Monday, December 19, 2011

Thanksgiving Turkey

When I was first married, my visiting teacher and I were discussing the upcoming holidays.  I mentioned to her that I had never cooked a turkey before.  At her next visit, she gave me an article from the local newspaper with instructions on cooking a turkey.  

I used it that year and it turned out so juicy and tender.  Since then it has been the only turkey recipe I've ever used.  

I've included the article word for word because it's such valuable information!  

*The only thing I do different is I buy frozen turkeys.  

Thanksgiving Turkey

Las Vegas Review Journal
A Caesars Palace chef shows the way to a juicy, roast Thanksgiving Turkey

Here are his tips for cooking the perfect Thanksgiving turkey

1.   Buy a fresh turkey instead of a frozen one.  To pick the right size, estimate two pounds of turkey per person.  This will allow for shrinkage and the weight of the bone, and still have leftovers.

2.    Pre-heat the oven to 375 degrees.  Put the stuffed turkey in an uncovered roasting pan on a base of vegetables--a raw, halved or quartered white onion; a washed, scrubbed carrot (whole or peeled); washed celery stakes with no leaves; ½ clove of garlic; three sprigs of fresh thyme and one bay leave.  If you don’t’ use a base of vegetables use a rack to lift the turkey off the bottom of the pan.

3.    Before roasting, brush the turkey skin with one stick of melted butter mixed with three tablespoons olive oil one table spoon salt and ¼ teaspoon of fresh ground pepper.  Tie the turkey legs together with chives or string. 

4.    Place the turkey in the oven, uncovered for ½ hour, or until it has nicely browned.  Then, reduce the temperature to 275 degrees and finish roasting the turkey.  Baste the turkey one every ½ hour with pan juices.  Reducing the temperature to 275 is important.  Boyce says most people cook their turkey too quickly in an oven that’s too hot.

5.    To tell when it’s done, estimate 20 minutes per pound, or use a meat thermometer.  The turkey is done when it reaches 160 degrees internal temperature.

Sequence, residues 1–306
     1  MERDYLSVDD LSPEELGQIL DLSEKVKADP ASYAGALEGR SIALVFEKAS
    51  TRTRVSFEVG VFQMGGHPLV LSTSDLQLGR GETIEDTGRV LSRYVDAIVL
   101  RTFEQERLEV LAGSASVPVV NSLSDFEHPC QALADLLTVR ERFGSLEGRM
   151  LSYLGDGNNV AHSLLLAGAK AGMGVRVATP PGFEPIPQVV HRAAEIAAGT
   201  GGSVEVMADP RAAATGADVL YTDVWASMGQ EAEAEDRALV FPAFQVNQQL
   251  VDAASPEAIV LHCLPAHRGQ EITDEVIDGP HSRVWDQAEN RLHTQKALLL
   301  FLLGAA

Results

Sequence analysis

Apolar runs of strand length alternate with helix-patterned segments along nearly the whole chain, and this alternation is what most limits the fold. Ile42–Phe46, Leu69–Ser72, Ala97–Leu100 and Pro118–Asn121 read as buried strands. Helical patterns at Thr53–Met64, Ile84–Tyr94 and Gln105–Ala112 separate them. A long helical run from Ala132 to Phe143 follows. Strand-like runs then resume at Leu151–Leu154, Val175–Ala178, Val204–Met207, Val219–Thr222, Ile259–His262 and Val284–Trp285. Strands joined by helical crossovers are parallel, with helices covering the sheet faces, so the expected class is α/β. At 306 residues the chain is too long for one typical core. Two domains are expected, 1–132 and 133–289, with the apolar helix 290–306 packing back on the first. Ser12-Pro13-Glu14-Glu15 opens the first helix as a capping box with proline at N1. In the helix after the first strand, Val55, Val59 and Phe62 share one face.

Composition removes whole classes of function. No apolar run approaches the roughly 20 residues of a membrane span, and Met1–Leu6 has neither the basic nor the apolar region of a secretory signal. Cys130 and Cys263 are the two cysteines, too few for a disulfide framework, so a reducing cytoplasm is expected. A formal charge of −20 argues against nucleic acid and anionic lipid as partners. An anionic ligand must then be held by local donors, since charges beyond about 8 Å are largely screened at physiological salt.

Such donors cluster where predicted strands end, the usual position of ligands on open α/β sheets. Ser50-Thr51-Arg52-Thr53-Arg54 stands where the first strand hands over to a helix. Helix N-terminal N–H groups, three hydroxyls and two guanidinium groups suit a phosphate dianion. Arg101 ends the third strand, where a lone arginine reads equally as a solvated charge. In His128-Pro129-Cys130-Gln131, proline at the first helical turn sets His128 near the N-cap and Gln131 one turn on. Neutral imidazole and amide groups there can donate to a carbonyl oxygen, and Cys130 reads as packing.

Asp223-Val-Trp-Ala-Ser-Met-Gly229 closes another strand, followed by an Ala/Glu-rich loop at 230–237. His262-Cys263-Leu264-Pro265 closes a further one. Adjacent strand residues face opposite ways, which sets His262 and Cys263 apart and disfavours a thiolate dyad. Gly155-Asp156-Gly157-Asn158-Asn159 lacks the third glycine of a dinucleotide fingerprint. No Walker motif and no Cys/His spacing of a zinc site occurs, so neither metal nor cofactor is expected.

It’s best to stuff the turkey, even if you don’t eat the stuffing, because it keeps the turkey most.  Be sure the stuffing itself is moist or it will act like a sponge and a dry turkey will result.  You should be able to push the raw stuffing down with a fork and still see the impression of the fork.

Never use caned gravy. Packaged mixes are better than canned, but the best gravy comes from your own stock make a day ahead of time.  Buy chicken bones or turkey bones from the butcher.  Brown the bones in the oven.  Boil the browned bone in water and reduce to make stock.  Cool it to room temperature, remove the bones, strain and chill in the refrigerator.  If it doesn’t thicken somewhat like gelatin, it needs to be boiled longer. Skim off any extra fat that may have formed on the top of the chilled stock.  When the turkey comes out of the oven, remove the turkey and vegetables from the pan, skim off excess fat form the juices in the pan and make gravy adding the stock.  Thicken with a little flour.

To serve a beautiful turkey add, garnishes of different colored kale and radicchio leaves.  Or buy oak or maple leaves from a florist.  Wash them and put them on the tray around the turkey.  

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